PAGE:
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Como educadora, Elizabeth Morgan abogó por los estudiantes con discapacidades del desarrollo. Luego, cuando a su hijo le diagnosticaron autismo, trató de buscar investigaciones sobre familias como la suya, 'específicamente, familias de raza negra que tenían niños en el espectro del autismo', pero no pudo. Hoy, Morgan trabaja para crear conciencia sobre las disparidades en el diagnóstico y tratamiento de niños con discapacidades del desarrollo, defendiendo a niños como su hijo, Eli.

La Conferencia Afroamericana sobre Discapacidad, organizada por el Centro de Arizona para la Ley de Discapacidad y el Centro de Arizona para Recursos Afroamericanos, ofreció orientación a las familias de color sobre cómo obtener el apoyo y los servicios que necesitan. Read more»

Elizabeth Morgan poses with son, Eli, and daughter, Jael. Eli’s autism spurred Morgan to get her Ph.D. in early childhood intervention.

The African American Conference on Disability - hosted by the Arizona Center for Disability Law and the Arizona Center for African American Resources - provided a forum to share experiences and offer guidance to families of color about getting the support and services they need. Read more»

Issac Contreras

While institutions like the Arizona State Hospital are becoming a thing of the past nationwide, mental health advocates believe ASH has the potential to offer therapeutic treatment that will help some of the sickest people get better and lead meaningful lives in the community. Read more»

Charles 'Chick' Arnold, lead plaintiff in the Arnold v. Sarn class action lawsuit that claimed Maricopa County and the state of Arizona were failing people with serious mental illness, is shown at his Phoenix home on April 12, 2021.

Arnold v. Sarn -a class action lawsuit that called for services for people with serious mental illness- ended in 2014 with an agreement that largely replaced “shall” with “may,” encouraging the system to try its best. Now Charles “Chick” Arnold, the lead plaintiff, says the agreement should have been more aggressive. Read more»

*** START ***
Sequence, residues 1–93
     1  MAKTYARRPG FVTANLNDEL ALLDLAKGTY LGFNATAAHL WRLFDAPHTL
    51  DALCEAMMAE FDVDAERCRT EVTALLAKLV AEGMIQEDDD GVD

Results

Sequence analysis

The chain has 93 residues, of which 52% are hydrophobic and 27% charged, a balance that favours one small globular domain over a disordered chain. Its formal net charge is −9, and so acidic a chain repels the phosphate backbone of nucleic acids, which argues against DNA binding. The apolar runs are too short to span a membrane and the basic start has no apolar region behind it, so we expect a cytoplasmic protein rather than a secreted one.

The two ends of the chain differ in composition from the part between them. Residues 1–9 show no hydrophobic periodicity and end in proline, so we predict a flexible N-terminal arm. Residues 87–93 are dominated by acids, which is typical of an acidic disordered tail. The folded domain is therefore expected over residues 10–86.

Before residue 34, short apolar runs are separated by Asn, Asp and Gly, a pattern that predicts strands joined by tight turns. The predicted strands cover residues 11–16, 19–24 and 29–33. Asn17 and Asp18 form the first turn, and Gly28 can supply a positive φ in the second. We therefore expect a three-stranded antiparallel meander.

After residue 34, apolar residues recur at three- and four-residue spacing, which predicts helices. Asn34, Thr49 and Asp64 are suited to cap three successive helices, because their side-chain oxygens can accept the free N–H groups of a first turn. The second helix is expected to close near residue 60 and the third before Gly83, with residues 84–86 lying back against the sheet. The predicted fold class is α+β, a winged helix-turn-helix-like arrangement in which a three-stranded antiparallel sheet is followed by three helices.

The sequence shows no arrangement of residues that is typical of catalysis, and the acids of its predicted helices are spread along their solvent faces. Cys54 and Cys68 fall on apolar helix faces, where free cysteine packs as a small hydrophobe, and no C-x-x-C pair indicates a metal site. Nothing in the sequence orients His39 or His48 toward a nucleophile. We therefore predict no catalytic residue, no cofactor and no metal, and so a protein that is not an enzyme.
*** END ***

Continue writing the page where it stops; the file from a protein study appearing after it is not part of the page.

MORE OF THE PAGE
The time is now for much-needed investment in our state’s system of care for vulnerable individuals. Read more»

At Catalina Foothills High School, one in 10 students have 504 plans. That rate drops to less than one in 100 students at the poorest schools in the state, like Trevor Browne High School in Phoenix, where 96% of students come from low-income families.

Federal civil rights protection currently exist that are designed to give students with disabilities who don’t qualify for special education but have conditions that still interfere with learning equal access to public education, but getting the plans in Arizona isn’t always easy or equitable. Read more»

The Americans with Disabilities Act removed many of the physical obstacles people with disabilities face every day, but it also provided legal protections as well as casting people with disabilities in a new light, advocates say.

President George H.W. Bush signed the ADA into law on July 26, 1990. It prohibited discrimination in housing, employment, public accommodations, transportation and more for the disabled community. Read more»

Individuals from certain populations are far more likely to suffer the most severe impacts of the COVID-19 virus. They also are the most likely to be viewed as expendable. Read more»

A federal appeals court upheld a contempt order and a $1.44 million fine against the Arizona Department of Corrections this week, saying the agency has been “deliberately indifferent” to health care for inmates. Read more»

Sheila Hawkins and her dog Sonny accept a service dog training certificate at the Handi-Dogs graduation ceremony in 2011.

People who rely on service dogs shouldn’t have to pay to register them as pets, a state lawmaker contends. “For the people who are disabled and on a fixed budget, they’re watching every penny and shouldn’t have to pay for the service dog they need,” said Rep. David Livingston, R-Peoria. Read more»